Thursday, September 25, 2008


The Shemen HaTov offers the following explanation of the pasuk:
Hanistarim LaHashem Elokeinu,
VeHaniglot Lanu Ulevaneinu Ad Olam” -
"Hidden things may pertain to God our Lord,
but that which has been revealed
applies to us and our children forever."
- Devarim 29:28
(The crux of what I’m presenting here is based on the Shemen HaTov.
I have embellished and expanded on the idea.)

Really, mitzvot should only be between G-d and us (for Hashem what we do should be nistarot). Our own needs dictate that we publicize what we do, for the sake of our children as well as others (though, for our sake actions should be niglot). Children especially need to know about the Tzedaka , Torah, and Chesed of their parents because they learn through that example.

The Yalkut Shimoni says that when Elkana set out on his holiday pilgrimage he would camp out at a different spot in order to educate new people regarding the mitzvah of Aliya LaRegel. Rav Aron Kotler said based on this that we should tell others about the mitzvot we do, in order to teach and inspire them. Rabbi Paysach Krohn cited these two sources and gave the example of his wife telling her high school students about her involvement in the local Chevra Kadisha because it’s something they might not learn about otherwise.

On the other hand, the Zohar that says that if you do a mitzvah and tell someone, you lose the mitzvah. The message is that a mitzvah’s value should be the mitzvah itself, the relationship between you and G-d. Telling someone about the good you’ve done shows a need for something other than the act itself to make you feel good about what you’ve done. According to this quote G-d says if that’s what you want then you get that instead of the mitzvah itself.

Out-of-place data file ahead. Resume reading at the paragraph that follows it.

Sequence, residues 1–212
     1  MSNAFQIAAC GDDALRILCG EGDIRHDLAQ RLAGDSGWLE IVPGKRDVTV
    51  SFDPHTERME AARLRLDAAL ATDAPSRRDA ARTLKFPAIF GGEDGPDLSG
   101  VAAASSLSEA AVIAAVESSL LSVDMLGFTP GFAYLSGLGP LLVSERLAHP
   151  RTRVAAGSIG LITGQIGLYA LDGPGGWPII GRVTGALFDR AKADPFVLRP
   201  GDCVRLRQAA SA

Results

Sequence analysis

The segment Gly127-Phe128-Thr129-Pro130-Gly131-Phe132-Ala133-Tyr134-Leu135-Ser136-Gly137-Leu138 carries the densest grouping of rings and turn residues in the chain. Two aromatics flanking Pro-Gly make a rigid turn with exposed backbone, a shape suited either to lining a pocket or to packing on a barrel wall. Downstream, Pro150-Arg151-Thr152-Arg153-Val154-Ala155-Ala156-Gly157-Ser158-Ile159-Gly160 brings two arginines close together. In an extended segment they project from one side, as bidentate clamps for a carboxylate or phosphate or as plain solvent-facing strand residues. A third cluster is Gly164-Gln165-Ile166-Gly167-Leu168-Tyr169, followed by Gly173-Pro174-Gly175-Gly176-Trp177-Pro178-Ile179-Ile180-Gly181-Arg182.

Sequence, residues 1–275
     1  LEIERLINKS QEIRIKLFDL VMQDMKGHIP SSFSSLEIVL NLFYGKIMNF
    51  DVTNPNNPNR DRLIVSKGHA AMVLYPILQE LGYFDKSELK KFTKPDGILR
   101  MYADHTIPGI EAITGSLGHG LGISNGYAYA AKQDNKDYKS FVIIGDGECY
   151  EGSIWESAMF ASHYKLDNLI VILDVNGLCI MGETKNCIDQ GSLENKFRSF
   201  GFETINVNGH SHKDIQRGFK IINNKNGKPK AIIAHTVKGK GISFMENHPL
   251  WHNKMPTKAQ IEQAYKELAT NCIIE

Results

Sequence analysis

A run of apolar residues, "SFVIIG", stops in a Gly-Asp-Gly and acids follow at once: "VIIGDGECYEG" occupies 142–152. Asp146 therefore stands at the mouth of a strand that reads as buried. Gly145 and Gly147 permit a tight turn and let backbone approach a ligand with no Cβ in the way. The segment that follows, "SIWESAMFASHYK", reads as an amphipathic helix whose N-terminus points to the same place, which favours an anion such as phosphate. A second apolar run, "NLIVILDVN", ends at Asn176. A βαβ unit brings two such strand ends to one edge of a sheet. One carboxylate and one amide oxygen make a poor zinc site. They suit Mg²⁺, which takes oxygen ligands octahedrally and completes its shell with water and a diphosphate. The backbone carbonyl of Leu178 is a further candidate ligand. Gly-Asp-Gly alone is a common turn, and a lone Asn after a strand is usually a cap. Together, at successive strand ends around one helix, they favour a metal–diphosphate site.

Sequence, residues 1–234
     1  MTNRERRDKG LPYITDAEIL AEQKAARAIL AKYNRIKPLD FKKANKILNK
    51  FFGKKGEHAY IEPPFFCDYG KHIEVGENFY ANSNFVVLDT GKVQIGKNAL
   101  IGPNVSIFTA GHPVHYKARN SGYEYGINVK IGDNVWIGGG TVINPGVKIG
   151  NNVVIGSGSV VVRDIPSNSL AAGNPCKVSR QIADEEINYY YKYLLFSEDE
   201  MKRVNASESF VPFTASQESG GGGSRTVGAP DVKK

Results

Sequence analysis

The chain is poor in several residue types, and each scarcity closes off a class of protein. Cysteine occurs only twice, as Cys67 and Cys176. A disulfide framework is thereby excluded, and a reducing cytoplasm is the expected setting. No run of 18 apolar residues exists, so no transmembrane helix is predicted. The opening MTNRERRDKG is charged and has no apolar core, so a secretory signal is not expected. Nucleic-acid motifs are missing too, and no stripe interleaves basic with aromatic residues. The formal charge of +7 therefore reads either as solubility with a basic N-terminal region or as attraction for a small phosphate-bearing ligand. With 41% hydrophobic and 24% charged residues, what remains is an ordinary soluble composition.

Jeff Korbman once came across the following explanation of the Sfas Emes regarding the Seder. The Matzah is the main mitzvah of the night, and the fact that it is covered or uncovered at various times reflects the idea we’ve been discussing. When there is some educational purpose, then the Matzah is uncovered in order for our children to see it and learn from it. When there is nothing taking place that is educational in nature then proper etiquette is to cover our matzah/mitzvah.

If a person's intent is to teach others, and that is a viable possibility, then one can/should make his mitzvah known. If someone makes his positive actions known in order to feel good about what he's done it is less than ideal. Things like telling a classmate about one's extra learning or having a donation amount announced could be important lessons for others or they could be things we do for our own honor.

Deep inside our hearts know the truth.

Have a great Shabbos,
Rabbi Neil Fleischmann


rr said...

Nice pre Yom-Tov thoughts. I especially like the one about the matzah. Thanks!

rabbi neil fleischmann said...

thanks - i like that part too - glad Jeff toold me.